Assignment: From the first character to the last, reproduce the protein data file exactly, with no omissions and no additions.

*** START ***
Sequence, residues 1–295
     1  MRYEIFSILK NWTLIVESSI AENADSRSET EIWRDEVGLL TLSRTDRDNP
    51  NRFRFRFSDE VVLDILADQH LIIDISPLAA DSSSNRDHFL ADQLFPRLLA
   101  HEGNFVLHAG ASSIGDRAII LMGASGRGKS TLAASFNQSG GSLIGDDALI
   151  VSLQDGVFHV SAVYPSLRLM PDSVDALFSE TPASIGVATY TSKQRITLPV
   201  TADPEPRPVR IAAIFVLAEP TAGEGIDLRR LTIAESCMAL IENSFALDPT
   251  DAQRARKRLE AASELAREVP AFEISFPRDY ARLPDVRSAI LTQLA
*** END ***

Sequence, residues 1–295
     1  MRYEIFSILK NWTLIVESSI AENADSRSET EIWRDEVGLL TLSRTDRDNP
    51  NRFRFRFSDE VVLDILADQH LIIDISPLAA DSSSNRDHFL ADQLFPRLLA
   101  HEGNFVLHAG ASSIGDRAII LMGASGRGKS TLAASFNQSG GSLIGDDALI
   151  VSLQDGVFHV SAVYPSLRLM PDSVDALFSE TPASIGVATY TSKQRITLPV
   201  TADPEPRPVR IAAIFVLAEP TAGEGIDLRR LTIAESCMAL IENSFALDPT
   251  DAQRARKRLE AASELAREVP AFEISFPRDY ARLPDVRSAI LTQLA